Plastische chirurgie als ultimum refugium bij lichen sclerosus
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Richtlijnen
20-05-1997
W.R. van Straalen, J.J. Hage, E. Bloemena en A. Glastra

Plastic surgery as a last resort in lichen sclerosus

– Lichen sclerosus, formerly called lichen sclerosus et atrophicus, is a chronic skin disease manifesting itself mostly in the perineal region and often associated with itching.

– Characteristic elements are well-defined depigmentation and degeneration of the skin sometimes showing haemorrhagic bullae or teleangiectases. The skin grows thinner and shrinks. Malignant degeneration is rare.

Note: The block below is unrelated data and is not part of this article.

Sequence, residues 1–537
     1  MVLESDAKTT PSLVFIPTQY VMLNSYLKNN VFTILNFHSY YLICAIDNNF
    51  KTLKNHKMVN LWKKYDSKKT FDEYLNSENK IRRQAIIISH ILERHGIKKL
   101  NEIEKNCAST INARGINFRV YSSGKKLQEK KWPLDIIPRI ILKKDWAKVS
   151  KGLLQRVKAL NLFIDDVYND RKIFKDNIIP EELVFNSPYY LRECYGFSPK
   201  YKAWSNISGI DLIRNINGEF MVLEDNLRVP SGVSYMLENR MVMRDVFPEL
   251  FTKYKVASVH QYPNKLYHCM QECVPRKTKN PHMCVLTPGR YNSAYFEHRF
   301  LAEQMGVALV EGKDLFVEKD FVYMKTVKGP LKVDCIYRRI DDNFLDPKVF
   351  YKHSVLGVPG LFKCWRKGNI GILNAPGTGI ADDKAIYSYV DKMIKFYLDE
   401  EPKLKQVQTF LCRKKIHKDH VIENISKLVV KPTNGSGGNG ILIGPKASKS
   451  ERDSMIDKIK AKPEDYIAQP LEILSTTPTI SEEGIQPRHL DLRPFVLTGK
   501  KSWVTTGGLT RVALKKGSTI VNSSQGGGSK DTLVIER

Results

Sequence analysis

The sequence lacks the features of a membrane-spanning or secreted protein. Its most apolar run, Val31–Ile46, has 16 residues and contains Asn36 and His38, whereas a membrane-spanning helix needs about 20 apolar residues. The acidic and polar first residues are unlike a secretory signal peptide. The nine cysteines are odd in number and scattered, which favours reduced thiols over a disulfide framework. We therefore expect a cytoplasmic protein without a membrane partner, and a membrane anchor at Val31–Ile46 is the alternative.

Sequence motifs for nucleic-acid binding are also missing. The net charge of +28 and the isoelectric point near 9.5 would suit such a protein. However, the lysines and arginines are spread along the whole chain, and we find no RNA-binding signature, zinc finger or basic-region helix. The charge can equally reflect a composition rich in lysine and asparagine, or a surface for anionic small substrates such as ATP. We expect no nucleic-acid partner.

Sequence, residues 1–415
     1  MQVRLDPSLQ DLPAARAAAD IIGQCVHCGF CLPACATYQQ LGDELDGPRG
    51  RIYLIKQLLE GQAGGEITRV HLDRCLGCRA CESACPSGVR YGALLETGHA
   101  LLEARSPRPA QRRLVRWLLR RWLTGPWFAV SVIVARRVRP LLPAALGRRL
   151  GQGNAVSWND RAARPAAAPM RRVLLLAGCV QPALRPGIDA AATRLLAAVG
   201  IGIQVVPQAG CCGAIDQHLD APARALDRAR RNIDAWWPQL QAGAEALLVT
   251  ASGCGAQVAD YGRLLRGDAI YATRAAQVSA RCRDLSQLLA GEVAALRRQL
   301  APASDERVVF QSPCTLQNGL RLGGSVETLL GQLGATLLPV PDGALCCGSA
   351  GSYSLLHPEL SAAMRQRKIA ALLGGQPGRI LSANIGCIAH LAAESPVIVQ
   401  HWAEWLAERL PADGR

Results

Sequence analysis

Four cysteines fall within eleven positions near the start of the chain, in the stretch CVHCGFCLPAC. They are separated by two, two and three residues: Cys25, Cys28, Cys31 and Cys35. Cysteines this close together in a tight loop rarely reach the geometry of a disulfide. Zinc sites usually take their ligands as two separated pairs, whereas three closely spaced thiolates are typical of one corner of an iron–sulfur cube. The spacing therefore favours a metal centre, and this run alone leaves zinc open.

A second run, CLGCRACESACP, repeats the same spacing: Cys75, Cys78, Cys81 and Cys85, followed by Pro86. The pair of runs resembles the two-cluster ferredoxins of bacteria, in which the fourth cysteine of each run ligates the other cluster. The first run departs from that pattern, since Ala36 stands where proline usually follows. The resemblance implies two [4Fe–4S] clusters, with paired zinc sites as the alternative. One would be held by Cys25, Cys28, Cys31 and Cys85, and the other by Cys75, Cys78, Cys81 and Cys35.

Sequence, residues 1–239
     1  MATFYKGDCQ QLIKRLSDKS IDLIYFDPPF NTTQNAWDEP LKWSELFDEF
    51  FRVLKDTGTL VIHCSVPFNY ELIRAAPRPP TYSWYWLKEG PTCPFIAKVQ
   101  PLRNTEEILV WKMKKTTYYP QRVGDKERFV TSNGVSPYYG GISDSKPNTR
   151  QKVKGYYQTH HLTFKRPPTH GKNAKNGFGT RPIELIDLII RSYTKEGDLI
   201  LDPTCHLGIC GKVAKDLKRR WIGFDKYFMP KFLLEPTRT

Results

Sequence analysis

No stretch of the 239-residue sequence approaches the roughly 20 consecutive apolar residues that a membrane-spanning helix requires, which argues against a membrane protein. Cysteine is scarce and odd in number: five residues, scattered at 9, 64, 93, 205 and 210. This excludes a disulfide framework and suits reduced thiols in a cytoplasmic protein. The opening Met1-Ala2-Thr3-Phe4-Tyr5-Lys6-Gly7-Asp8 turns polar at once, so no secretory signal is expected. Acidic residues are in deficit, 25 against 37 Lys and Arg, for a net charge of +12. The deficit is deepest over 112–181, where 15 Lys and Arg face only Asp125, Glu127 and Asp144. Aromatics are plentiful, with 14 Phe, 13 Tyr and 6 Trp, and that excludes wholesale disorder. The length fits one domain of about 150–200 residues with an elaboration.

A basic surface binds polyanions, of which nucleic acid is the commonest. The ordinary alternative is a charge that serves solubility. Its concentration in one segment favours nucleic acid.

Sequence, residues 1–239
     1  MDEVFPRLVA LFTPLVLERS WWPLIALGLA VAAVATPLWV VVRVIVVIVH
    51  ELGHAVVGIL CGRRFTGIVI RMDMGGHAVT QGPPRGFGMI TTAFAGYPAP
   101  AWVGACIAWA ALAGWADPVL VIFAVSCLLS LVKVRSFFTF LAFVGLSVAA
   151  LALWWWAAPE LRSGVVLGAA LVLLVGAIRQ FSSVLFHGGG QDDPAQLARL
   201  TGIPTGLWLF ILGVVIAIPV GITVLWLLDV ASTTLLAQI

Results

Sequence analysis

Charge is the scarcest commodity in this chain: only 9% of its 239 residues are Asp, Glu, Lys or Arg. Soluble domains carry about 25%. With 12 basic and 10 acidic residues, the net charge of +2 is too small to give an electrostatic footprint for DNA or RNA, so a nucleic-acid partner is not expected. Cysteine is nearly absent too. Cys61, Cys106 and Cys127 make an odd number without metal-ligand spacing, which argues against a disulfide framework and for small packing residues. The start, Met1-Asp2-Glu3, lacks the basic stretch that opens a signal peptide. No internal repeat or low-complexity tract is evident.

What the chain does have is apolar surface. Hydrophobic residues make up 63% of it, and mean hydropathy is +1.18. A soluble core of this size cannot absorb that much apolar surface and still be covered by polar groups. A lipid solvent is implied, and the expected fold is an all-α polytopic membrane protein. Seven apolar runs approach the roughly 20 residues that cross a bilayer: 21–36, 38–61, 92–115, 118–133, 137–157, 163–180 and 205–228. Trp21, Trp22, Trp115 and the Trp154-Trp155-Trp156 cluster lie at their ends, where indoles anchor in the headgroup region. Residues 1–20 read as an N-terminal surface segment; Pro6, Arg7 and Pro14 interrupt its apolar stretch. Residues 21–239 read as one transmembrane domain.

– The prevalence is 1:300 to 1:1000. The condition occurs more often in females than in males and more often in adults than in children.

– Drug treatment (symptomatic) comprises local application of corticosteroids, anaesthetics andor sex hormones. In case of insufficient response, cryotherapy is a good alternative. Chemical and surgical neurotomy are also sometimes applied, with fairly poor results.

– In refractory symptoms, excision of the affected skin, possibly with transplantation using a pedicled skin flap, may lead to mitigation.